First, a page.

The sample size comprised of 30,000 households, 600 from each of the study sub-districts for 3 rounds (baseline, midline and end-line surveys). A multi-stage sampling design was followed in drawing the sample. In the first step, using the 30 cluster sampling method, 30 villages were selected from each sub-district. In the second step, from each village, 20 households were selected systematically. A total of 29,985 households were interviewed at baseline (2006) while at midline (2009) the corresponding figure was 29,885 and end-line (2011) survey covered a total of 26,404 households. Only the matched households from the three consecutive years were considered for the comparison. The households which were missed in end-line survey (due to death, displacement and absenteeism) were not considered and thus the number of the households is smaller in the end-line than midline and baseline. Respondents were the adult female members of the same households, who had knowledge of day-to-day household activities related to water, sanitation and hygiene.
Data management and analysis
Filled-in questionnaires were edited and coded for computer entry and twenty percent of the questionnaires were re-checked for consistencies. These data were entered in computer, cleaned and analyzed using the SPSS and STATA software (Licensed in 2007). Self-reported data were collected for hand washing practices in the three repeated survey period. Respondents were the adult female members of the same households, who had knowledge of day-to-day household activities related to water, sanitation and hygiene.The respondents were asked knowledge about the critical times of hand washing and how often they practice it. There were six critical times identified e.g. before eating, after defecation, after cleaning bottom of babies, before feeding babies, before cooking and before serving food. There were nine options for hand washing practices e.g. one hand with only water, two hands with only water, one hand with soap, two hands with soap, one hand with soil, two hands with soil, one hand with ash, two hands with ash and do not wash. It was considered that they would say those critical periods when they practice hand washing and how they practice in those critical periods usually. If any respondent failed to notice any critical time of hand washing then it was considered as ‘do not wash hands’ for that critical time. In case, absence of the baseline’s respondent in midline or in end line survey, any adult household member was interviewed from those particular households. Chi-square test compared the significance of differences between indicator values. A ‘p’ value of 0.05 or less was considered as significant chi-square tests.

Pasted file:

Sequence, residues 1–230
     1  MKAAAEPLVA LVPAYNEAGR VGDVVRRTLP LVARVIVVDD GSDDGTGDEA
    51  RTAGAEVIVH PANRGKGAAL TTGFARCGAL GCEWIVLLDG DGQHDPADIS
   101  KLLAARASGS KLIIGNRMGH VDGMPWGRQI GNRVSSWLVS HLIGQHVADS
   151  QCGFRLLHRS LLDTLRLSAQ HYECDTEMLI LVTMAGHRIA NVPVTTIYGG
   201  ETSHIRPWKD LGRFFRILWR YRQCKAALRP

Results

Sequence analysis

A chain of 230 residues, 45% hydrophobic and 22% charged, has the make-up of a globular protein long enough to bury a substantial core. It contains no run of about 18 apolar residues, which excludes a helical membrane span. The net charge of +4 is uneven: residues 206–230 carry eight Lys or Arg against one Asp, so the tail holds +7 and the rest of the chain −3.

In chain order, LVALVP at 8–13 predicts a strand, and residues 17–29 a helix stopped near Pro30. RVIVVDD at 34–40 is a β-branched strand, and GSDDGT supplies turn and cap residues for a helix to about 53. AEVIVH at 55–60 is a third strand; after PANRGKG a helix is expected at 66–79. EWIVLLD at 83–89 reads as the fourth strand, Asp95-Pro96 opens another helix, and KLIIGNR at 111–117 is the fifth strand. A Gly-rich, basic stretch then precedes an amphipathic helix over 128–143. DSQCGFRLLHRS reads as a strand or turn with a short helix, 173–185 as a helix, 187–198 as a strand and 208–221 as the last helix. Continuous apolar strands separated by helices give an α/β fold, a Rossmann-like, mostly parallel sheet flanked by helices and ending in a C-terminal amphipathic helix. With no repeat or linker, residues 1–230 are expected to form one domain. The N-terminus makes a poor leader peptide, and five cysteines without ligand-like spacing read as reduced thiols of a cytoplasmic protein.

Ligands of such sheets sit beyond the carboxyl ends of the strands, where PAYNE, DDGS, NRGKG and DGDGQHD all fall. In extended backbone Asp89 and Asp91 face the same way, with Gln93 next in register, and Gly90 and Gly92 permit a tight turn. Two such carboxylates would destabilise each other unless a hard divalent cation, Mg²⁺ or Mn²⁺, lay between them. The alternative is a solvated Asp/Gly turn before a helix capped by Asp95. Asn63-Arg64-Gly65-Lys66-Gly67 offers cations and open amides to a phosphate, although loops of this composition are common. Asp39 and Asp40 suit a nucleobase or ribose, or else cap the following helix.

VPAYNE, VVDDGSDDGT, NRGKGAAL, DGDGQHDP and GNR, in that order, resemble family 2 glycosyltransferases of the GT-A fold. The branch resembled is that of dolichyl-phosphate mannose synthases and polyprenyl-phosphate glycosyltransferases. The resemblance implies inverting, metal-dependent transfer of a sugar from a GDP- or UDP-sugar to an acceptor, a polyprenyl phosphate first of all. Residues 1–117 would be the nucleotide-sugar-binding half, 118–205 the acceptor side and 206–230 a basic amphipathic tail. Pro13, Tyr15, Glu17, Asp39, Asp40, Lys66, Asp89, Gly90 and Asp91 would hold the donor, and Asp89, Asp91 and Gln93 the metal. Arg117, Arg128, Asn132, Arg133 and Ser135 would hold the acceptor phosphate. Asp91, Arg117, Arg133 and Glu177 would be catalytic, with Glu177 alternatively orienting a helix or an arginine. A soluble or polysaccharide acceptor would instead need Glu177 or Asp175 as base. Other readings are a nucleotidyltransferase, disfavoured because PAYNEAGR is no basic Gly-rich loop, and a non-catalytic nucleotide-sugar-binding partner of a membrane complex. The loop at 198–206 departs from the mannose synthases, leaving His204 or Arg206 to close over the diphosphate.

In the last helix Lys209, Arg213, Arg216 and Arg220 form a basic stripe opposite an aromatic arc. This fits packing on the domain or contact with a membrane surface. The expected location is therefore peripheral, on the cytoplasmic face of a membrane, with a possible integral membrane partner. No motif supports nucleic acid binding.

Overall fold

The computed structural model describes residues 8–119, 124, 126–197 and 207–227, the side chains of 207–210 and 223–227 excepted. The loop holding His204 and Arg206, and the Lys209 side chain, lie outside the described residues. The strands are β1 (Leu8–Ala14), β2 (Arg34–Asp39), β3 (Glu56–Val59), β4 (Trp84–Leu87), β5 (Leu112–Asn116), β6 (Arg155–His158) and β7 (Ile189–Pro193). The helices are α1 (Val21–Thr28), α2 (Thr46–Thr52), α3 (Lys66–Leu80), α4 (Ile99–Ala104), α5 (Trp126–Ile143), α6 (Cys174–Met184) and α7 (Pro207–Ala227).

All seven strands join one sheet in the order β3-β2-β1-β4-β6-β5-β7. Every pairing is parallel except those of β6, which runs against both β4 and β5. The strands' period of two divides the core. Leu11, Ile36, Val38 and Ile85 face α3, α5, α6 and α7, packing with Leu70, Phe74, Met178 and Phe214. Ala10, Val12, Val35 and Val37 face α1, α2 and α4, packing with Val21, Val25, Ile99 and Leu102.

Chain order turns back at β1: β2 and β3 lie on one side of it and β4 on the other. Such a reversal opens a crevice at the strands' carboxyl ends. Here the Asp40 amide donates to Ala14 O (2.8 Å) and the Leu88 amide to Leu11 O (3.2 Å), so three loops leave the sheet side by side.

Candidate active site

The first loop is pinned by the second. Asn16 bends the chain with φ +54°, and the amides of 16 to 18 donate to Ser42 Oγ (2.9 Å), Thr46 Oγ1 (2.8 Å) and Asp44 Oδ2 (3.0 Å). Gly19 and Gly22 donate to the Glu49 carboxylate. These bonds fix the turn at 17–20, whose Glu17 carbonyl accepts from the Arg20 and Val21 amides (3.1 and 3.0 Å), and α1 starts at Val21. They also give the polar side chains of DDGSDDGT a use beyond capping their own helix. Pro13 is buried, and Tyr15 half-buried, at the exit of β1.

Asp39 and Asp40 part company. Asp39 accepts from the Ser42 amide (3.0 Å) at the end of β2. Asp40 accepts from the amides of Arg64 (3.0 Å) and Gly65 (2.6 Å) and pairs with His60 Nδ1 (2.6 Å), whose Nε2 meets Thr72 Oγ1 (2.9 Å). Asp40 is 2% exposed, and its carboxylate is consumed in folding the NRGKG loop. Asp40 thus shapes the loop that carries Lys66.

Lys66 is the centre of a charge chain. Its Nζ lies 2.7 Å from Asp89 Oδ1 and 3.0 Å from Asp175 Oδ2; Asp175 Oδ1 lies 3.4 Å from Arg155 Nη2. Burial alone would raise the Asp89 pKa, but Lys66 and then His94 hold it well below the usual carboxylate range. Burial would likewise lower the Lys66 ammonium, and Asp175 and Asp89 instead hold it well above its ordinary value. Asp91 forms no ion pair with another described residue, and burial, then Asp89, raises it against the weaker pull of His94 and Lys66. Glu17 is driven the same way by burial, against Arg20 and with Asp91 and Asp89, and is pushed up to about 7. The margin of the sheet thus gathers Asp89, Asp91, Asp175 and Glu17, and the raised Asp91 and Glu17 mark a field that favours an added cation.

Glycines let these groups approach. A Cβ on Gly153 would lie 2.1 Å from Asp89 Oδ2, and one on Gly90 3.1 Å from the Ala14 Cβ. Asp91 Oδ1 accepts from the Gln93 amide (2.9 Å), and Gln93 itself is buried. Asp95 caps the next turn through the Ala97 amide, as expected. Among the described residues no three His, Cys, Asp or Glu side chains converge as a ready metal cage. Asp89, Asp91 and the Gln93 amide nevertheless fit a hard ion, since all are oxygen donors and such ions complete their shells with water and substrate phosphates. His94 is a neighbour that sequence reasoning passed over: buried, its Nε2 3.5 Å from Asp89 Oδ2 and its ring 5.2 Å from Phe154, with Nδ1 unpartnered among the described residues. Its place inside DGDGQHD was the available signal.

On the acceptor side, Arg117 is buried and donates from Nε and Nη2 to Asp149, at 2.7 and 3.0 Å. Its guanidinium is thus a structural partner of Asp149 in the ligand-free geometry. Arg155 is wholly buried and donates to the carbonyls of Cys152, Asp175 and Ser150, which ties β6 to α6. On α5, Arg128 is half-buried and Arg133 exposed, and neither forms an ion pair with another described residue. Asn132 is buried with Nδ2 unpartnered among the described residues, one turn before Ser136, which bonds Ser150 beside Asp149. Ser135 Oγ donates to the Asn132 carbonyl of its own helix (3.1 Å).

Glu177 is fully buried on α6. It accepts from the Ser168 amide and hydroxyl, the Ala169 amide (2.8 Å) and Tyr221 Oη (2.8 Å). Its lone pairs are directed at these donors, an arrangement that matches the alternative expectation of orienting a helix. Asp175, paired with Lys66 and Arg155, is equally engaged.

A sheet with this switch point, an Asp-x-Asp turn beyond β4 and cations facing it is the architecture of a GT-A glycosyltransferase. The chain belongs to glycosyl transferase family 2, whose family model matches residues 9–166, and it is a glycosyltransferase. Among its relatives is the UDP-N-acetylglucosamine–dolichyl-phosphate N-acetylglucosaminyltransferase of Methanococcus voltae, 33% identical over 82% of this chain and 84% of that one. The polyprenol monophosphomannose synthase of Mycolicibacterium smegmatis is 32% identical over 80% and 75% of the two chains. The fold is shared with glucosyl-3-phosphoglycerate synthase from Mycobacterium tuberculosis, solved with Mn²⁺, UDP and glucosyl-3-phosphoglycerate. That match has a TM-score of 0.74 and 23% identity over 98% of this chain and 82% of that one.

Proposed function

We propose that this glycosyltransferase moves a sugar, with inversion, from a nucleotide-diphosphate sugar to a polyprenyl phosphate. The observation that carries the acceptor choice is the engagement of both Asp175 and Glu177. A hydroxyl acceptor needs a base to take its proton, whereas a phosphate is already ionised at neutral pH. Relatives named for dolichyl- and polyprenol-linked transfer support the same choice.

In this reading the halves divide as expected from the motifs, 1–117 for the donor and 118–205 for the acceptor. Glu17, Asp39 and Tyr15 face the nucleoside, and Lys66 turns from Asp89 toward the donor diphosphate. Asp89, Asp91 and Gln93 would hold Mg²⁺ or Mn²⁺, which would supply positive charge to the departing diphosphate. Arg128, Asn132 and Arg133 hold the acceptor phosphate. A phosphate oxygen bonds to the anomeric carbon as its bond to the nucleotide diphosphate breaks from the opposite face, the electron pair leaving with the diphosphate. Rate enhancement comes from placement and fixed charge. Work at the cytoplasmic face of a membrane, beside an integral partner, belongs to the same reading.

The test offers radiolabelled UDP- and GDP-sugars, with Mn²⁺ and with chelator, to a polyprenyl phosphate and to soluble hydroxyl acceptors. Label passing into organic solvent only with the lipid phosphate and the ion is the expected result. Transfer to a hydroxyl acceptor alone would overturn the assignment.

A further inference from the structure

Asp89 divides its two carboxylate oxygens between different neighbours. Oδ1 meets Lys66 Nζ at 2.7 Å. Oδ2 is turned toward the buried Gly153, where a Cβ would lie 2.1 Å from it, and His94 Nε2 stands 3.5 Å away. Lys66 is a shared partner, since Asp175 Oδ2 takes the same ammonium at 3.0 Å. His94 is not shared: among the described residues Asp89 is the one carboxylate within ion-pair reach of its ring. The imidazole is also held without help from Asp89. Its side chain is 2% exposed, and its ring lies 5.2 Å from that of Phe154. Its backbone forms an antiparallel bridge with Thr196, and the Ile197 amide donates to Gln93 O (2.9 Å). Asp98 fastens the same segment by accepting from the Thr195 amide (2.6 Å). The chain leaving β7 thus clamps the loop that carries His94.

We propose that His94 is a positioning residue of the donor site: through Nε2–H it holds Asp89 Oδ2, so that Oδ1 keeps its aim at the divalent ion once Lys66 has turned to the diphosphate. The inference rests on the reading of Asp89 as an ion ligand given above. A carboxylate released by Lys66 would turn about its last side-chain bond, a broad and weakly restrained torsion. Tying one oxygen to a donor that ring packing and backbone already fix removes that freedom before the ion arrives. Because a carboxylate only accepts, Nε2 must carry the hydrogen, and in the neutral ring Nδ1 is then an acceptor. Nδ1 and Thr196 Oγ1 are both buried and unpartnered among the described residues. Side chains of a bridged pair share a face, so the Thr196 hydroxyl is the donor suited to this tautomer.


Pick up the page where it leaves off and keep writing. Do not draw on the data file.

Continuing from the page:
Index for hand washing at critical time
Generalized Linear Model (GLM) was used to analyze factors associated with hand washing practices. We detailed out the specific indicators used to construct the index. For constructing the index, we assigned a value of ‘1’ for highest score of self-reported hand washing practice of both hands with soap at critical times whereas ‘0’ for lowest score when none washed hands at all. Then the values were summed up and divided by total number of indicators used so that is the value of the index lies between ‘0 to 1’. This index were used as dependent variable for the regression analysis to see what or which factors influence hygienic hand washing practices at critical times. Thus, we created a variable named ‘Wash score’ for multivariate analysis. Six critical times for hand washing are considered while constructing the score, e.g. before taking meal, before serving foods, before cooking foods, after defecation, before feeding babies and after cleaning bottom of babies.
To conduct the study ethical clearance was obtained from BRAC’s own ethics committee at Research and Evaluation Division (RED). Verbal consent was obtained from the participants before conducting interviews. The enumerators read out the verbal consent form to inform the general objectives of the study to the participants. They were also informed that their participation was completely voluntary and could withdraw from the interview at any time. The respondents were also free to refuse answer to any questions they felt uncomfortable. Any refusal would not affect receiving any services from BRAC. Confidentiality in data handling was strictly maintained.